2012 Pearson International
This book is a useful ‘creativity assistant’ to keep your creative juices flowing, and a good kick in the butt to get you out of your productivity doldrums!
The slender book makes for an easy read, and is full of inspiring photographs, stimulating ideas, inspirational quotes, useful examples and innovative exercises. Each chapter is short, just a page or two in length, with actionable tips and checklists.
The book has an online companion with more tools and tips to keep the creative flow going. Most of the cited examples are from the US and UK, and it would be great for other writers to jump in and expand the discussion with global perspectives too.
Jurgen Wolff is a writer and coach in creativity and writing, who divides his time between London and southern California. His other books include Marketing for Entrepreneurs, Focus, Your Writing Coach, and Do Something Different.
The material is divided into four sections: Dreaming, Originating, Applying and Adapting. I have summarized some of the principles in Table 1, but each section is worth a detailed read of course.
“The journey to creative success is at least as rewarding as arriving,” begins Wolff. He is a strong advocate of the ‘Ready, Fire, Aim’ school of creativity which is in favour of prototyping and adaptation rather than overplanning. “You can fail only if you stop,” he advises; “success is what you say it is.”
Table 1: Creativity Principles
The author describes four key principles of brainstorming: quantity counts (create lots and lots of initial ideas), don’t be judgemental in weeding out ideas, write down every idea, build on others’ ideas. Wolff brings up a useful quote from Linus Pauling in this regard: “I have lots and lots and lots of ideas, and then I throw away the bad ones.”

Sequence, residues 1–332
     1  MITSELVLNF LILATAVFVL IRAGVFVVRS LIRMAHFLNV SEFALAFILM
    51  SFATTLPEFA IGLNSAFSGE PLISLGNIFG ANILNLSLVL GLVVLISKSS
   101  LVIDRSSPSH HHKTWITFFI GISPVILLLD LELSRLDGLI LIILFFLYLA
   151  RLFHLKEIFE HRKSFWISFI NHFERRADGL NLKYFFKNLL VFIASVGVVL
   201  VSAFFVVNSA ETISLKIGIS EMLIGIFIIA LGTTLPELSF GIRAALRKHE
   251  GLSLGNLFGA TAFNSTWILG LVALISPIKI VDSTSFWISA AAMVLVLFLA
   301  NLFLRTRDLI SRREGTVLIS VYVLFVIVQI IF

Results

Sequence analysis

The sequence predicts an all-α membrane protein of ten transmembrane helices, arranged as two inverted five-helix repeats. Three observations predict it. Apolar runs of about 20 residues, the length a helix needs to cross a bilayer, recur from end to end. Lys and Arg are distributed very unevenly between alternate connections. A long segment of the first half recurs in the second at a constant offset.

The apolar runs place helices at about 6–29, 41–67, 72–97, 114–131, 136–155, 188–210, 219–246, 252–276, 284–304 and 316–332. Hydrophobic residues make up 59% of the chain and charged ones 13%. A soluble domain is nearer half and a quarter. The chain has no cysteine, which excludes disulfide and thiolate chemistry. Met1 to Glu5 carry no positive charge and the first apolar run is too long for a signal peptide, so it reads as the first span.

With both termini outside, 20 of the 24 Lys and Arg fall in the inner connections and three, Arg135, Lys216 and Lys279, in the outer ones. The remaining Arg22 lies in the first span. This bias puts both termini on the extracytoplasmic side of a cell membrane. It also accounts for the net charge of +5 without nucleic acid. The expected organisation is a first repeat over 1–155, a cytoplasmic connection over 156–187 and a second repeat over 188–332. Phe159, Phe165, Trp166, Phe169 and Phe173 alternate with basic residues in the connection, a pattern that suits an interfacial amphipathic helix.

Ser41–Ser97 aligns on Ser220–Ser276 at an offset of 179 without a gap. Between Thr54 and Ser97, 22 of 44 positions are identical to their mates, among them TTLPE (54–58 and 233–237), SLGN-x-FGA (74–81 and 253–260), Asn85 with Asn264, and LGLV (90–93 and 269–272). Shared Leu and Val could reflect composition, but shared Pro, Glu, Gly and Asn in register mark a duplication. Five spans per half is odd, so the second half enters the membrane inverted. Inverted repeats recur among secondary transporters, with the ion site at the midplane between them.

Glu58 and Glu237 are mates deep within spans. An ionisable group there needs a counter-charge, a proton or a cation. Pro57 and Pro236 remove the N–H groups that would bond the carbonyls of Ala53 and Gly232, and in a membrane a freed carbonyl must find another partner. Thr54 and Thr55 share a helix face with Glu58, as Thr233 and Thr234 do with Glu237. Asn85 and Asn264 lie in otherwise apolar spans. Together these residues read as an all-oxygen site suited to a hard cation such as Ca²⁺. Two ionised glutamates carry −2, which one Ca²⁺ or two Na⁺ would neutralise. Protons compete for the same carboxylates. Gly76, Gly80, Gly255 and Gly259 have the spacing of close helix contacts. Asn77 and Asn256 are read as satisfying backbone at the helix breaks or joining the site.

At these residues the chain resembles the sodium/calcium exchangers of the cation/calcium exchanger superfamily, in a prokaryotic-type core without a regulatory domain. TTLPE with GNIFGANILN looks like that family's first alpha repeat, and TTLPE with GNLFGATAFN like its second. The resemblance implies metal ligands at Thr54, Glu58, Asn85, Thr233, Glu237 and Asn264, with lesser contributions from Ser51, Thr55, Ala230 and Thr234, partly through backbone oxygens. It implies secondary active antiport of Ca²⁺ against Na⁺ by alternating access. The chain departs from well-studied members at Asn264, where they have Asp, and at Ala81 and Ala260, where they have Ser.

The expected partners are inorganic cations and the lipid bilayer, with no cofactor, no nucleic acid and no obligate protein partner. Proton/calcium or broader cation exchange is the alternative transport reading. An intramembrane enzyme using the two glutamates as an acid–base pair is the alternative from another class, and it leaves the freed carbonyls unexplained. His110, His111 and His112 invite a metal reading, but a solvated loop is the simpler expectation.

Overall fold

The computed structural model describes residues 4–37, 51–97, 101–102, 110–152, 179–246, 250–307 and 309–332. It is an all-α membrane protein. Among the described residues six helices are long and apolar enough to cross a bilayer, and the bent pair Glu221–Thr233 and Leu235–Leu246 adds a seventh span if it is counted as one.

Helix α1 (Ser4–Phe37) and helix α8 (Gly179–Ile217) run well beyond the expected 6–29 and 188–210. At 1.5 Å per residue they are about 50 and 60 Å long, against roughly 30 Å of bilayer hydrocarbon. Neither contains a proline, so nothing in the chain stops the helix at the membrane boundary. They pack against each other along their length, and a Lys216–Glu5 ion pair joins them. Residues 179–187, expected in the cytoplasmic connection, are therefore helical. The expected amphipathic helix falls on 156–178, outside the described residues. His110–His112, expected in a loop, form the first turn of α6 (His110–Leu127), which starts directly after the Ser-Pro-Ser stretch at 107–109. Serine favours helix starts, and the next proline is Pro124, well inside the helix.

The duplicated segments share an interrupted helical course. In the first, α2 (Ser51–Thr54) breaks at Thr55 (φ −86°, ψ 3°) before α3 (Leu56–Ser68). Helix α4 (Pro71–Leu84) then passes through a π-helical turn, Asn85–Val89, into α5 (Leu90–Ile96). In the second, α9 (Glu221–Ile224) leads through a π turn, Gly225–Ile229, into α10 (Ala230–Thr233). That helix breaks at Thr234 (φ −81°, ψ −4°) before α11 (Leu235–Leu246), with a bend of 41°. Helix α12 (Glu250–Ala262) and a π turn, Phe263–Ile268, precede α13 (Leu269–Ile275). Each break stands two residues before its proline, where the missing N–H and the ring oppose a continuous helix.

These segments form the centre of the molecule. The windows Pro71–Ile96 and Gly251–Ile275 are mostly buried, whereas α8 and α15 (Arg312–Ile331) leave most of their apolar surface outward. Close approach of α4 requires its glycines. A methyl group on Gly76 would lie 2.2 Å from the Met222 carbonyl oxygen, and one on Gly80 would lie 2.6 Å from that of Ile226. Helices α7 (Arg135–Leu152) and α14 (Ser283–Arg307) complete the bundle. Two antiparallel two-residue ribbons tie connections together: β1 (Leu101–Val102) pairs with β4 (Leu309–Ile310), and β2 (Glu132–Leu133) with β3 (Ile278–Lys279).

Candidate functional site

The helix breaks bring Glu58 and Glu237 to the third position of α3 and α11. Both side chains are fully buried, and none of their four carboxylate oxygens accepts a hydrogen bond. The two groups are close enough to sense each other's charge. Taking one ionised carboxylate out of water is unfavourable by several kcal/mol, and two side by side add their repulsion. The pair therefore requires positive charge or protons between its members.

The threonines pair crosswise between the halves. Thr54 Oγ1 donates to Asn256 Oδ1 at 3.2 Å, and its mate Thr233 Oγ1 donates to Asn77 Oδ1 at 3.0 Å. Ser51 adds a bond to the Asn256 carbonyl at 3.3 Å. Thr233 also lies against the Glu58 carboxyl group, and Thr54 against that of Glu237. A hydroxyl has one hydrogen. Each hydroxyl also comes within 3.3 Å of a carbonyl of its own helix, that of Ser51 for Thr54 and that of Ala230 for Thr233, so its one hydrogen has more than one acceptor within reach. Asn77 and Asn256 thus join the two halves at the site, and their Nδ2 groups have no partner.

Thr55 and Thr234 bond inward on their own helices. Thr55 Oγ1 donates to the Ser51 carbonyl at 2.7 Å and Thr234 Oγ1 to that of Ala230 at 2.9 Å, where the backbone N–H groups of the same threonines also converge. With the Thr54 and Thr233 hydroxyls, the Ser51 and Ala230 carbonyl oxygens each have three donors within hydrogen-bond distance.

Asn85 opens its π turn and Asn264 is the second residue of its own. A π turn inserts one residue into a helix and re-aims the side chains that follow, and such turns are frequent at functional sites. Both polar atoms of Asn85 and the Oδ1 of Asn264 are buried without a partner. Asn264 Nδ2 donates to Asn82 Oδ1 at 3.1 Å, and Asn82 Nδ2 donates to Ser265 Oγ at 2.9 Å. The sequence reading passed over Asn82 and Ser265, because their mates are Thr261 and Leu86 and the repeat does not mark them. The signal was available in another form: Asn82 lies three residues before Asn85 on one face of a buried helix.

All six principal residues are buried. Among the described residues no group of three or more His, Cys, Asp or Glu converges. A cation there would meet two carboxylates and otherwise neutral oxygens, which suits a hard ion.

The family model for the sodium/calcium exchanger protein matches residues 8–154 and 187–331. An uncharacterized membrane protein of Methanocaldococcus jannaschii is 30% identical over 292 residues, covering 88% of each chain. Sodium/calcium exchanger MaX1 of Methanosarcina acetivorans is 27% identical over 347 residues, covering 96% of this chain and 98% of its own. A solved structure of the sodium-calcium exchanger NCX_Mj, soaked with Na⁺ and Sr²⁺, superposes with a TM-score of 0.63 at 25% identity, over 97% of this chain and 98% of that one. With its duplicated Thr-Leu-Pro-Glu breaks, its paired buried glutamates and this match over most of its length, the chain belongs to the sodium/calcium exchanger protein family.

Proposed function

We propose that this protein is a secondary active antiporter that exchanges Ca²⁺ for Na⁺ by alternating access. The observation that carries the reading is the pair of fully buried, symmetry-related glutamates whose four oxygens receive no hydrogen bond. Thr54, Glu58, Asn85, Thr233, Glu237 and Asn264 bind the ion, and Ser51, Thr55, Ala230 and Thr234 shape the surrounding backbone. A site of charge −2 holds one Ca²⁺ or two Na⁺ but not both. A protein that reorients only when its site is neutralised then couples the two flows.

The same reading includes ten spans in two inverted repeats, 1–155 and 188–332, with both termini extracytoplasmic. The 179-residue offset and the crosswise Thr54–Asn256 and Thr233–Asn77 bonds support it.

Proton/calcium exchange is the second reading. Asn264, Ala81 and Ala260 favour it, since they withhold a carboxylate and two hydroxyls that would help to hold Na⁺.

One whole section of the book is devoted to profiles of companies who embody some of the creativity principles described above: such as i-PostMortem (with virtual i-Tombs as online memorial services after you pass away), Sal Khan (Khan Academy), artists who successfully raised funds from Kickstarter, Jacquie Lawson (e-cards), Simon Tofield (use of YouTube to promote his cat animations), Marco Giannini (healthy dog food), Michael Sands (nutritious non-junk snackfoods), Will Ramsay (Affordable Art Fair), Paul Stanyer (HolidayTaxis.com for hassle-free taxi experiences for tourists), Joanna Wivell (InsidersMadrid.com online tourism service for Spain), Tax and Relax (bed&breakfast offering free tax filing), Moby’s album Play (licensed to TV shows), Todd Basche (travel locks based on words and not numbers), and Tammy Tibbets (ShesTheFirst.org site for fundraising information on women’s causes).
Cited books include Difference (Scott Sage), Guerilla Marketing (Jay Levinson), and The Creative Habit (Twyla Tharp); the Creativity World Forum is also mentioned as an interesting event for creative types. More such events, references and online resources would have been helpful for readers (eg. the book Thinkertoys by Michael Michalko comes to mind).
In sum, this useful and engaging book shows readers how to unleash endless streams of ideas on any topic and how they may be turned into success.
[Follow YourStory's research director Madanmohan Rao]